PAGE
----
HTS Moderator , Reviewer
HTS Overall Score:77
Daniel Radcliffe is one of those people who’s been viewed as the “odd man out” ever since the “Harry Potter” franchise that made him a childhood millionaire overnight. Kind of like Levar Burton always being viewed as Geordi, or whatnot, Daniel Radcliffe has been viewed as Harry Potter, making it difficult for him to really gain his own brand in the acting community. Lately he’s been taking some indie and off the wall stuff in an effort to stretch his proverbial wings and see what he’s capable of. In this latest effort I have to say he’s shattered that Harry Potter image quite nicely and, if given the chance, may very well turn a new leaf in the public eye, much like Ben Affleck and Leonardo DiCaprio.
“Horns” tells the story of Ig Parish (Radcliffe) and his search for the murderer of his girlfriend, Merrin (Juno Temple), of which he is being blamed. Most people have given up on poor Ig, convinced that he’s guilty of the horrific crime and ready to start the lynch mob. Even his own parents seem to doubt him, even while doing their best as parents to shield him. The only one who believes him is his childhood friend, Lee (Max Minghella), who also happens to be his defense attorney. Ig’s journey takes a drastic turn when one morning he starts to grow horns out of his head. Shocked and horrified Ig watches as people around him start spouting out their deepest, darkest and most evil secrets they’ve kept buried within themselves, never letting the rest of the world know. Confused, he stumbles around town wondering why everyone seems to be going insane whom he comes into contact with, until it occurs to him. HE and his horns are having this effect on people. It seems that the horns give him the power to let people’s guards down and they are compelled to reveal their innermost and darkest secrets, whether that be greed, hate, lust, violence, etc.
Once this realization becomes clear, Ig knows that he can use this power to find out who killed Merrin. Going through town, our horned hero systematically starts from ground zero and works his way up forcing a confession from depths of people’s souls. He soon realizes that this is a two edged sword, for while he can force people to reveal those innermost evil desires and thoughts, those same desires and thoughts come from people he thought he knew and trusted. It’s the classic telepath dilemma. Knowing what desires and shameful thoughts WE deal with in our own heads, knowing what other people think would be almost unbearable. Ig soon finds out that dilemma has to wade through the pain of hearing words from other people’s mouths that he wish he didn’t know, even if some of them clear up the path to Merrin’s killer.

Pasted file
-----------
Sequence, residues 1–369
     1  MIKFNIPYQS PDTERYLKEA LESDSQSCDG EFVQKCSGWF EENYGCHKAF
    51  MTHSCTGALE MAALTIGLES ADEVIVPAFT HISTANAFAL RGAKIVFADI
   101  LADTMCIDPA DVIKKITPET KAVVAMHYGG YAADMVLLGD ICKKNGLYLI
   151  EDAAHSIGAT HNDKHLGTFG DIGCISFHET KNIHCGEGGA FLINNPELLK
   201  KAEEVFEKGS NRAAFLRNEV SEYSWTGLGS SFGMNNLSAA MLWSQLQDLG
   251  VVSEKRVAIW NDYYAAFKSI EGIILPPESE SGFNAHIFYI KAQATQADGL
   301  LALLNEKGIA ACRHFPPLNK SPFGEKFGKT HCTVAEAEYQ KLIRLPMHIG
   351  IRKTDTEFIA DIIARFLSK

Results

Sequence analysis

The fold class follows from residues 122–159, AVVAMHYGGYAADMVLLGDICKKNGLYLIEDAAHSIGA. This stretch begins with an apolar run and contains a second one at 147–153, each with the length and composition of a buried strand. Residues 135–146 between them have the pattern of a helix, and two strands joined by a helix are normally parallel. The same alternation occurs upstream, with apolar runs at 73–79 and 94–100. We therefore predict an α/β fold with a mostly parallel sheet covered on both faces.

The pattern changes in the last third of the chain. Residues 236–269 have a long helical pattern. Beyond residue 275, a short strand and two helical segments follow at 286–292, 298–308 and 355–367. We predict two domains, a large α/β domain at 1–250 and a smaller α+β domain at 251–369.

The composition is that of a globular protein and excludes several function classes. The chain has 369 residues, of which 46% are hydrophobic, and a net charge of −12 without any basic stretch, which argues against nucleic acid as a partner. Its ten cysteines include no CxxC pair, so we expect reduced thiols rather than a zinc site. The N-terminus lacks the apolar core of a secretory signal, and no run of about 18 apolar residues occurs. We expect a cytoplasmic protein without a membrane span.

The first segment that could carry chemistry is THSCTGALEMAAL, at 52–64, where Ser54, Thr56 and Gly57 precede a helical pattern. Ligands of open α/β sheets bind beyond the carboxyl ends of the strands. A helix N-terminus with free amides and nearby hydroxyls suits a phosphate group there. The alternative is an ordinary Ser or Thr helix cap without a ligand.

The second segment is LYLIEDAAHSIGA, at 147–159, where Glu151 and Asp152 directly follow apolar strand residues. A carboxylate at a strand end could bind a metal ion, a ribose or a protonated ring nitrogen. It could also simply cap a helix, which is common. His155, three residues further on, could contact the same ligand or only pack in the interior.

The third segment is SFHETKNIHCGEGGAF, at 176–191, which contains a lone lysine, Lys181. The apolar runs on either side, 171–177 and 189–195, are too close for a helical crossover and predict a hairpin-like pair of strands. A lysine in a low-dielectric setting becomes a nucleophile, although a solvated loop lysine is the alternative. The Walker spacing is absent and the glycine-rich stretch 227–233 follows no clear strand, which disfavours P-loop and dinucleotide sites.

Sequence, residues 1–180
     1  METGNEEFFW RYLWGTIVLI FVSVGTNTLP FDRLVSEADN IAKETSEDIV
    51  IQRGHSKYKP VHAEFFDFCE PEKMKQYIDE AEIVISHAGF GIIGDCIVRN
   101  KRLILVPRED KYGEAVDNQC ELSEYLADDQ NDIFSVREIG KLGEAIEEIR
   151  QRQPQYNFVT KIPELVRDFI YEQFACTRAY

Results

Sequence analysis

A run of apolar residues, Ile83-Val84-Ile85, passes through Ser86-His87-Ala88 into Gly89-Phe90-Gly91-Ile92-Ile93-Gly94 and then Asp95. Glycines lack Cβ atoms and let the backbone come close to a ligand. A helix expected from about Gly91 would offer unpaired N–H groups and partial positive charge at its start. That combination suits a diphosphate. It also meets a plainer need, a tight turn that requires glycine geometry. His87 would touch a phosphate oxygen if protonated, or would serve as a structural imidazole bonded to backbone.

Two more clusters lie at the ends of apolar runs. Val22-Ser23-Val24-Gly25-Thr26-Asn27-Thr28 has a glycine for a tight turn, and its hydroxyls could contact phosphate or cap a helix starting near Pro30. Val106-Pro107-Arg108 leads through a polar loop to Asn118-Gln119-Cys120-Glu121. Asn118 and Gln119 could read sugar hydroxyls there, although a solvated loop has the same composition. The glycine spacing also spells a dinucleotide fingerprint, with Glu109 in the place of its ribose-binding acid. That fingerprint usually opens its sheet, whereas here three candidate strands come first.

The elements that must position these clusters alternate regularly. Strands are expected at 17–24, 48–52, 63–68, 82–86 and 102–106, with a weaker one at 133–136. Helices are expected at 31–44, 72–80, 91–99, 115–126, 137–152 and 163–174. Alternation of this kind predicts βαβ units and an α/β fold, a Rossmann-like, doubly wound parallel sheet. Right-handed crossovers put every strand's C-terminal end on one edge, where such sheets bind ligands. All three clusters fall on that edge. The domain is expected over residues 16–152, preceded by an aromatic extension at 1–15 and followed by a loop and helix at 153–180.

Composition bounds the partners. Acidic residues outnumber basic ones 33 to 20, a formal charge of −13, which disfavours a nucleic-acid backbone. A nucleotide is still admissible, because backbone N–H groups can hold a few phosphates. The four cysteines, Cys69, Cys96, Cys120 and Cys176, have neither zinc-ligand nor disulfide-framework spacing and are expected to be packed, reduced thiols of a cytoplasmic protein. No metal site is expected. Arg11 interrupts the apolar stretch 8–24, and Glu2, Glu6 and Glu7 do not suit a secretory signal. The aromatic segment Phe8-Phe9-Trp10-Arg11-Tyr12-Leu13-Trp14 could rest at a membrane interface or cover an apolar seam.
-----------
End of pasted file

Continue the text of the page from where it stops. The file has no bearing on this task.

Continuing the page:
“Horns” has to be one of the most bizarre and unique genre mashups that I’ve seen in a long time. We have a Love story, blended with a murder mystery, blended with a heavy dose of horror and a dollop of fantasy. Yeah, you got that right, FOUR distinct and seemingly contradictory genres. One moment we have Ig and Merrin living again through the flashbacks and it truly is sweet. Juno Temple and Daniel Radcliffe sell that part of the story with incredible ease. You feel the sweetness and the connection the two share and it really makes Ig’s pain more palpable. The murder mystery aspect of the film works just as well, as romance and mystery many times go hand in hand. Ig’s tracking down of the killer and finding out who framed him for the crime is one of the more intriguing part of the spectacle. THEN comes in that mix of fantasy and horror with the inclusion of the horns and its powers. The horror and romance is probably the most surprising as Alexandre Aja does an exception job of keeping the viewer smiling over the sweetness of love and then wrapping themselves up in a blanket from the sheer disturbing nature of the horns powers, touched with a hint of black comedy. Our innermost things we struggle with are usually innermost for a reason, they’re not pretty thoughts and desires, and it can get REAL uncomfortable when you start hearing people spout them for all the world to hear and you can see the evil glee in their eyes as they say it. It’s definitely an R-rated type of film during those moments and definitely can be disturbing hearing what comes out of people’s hearts.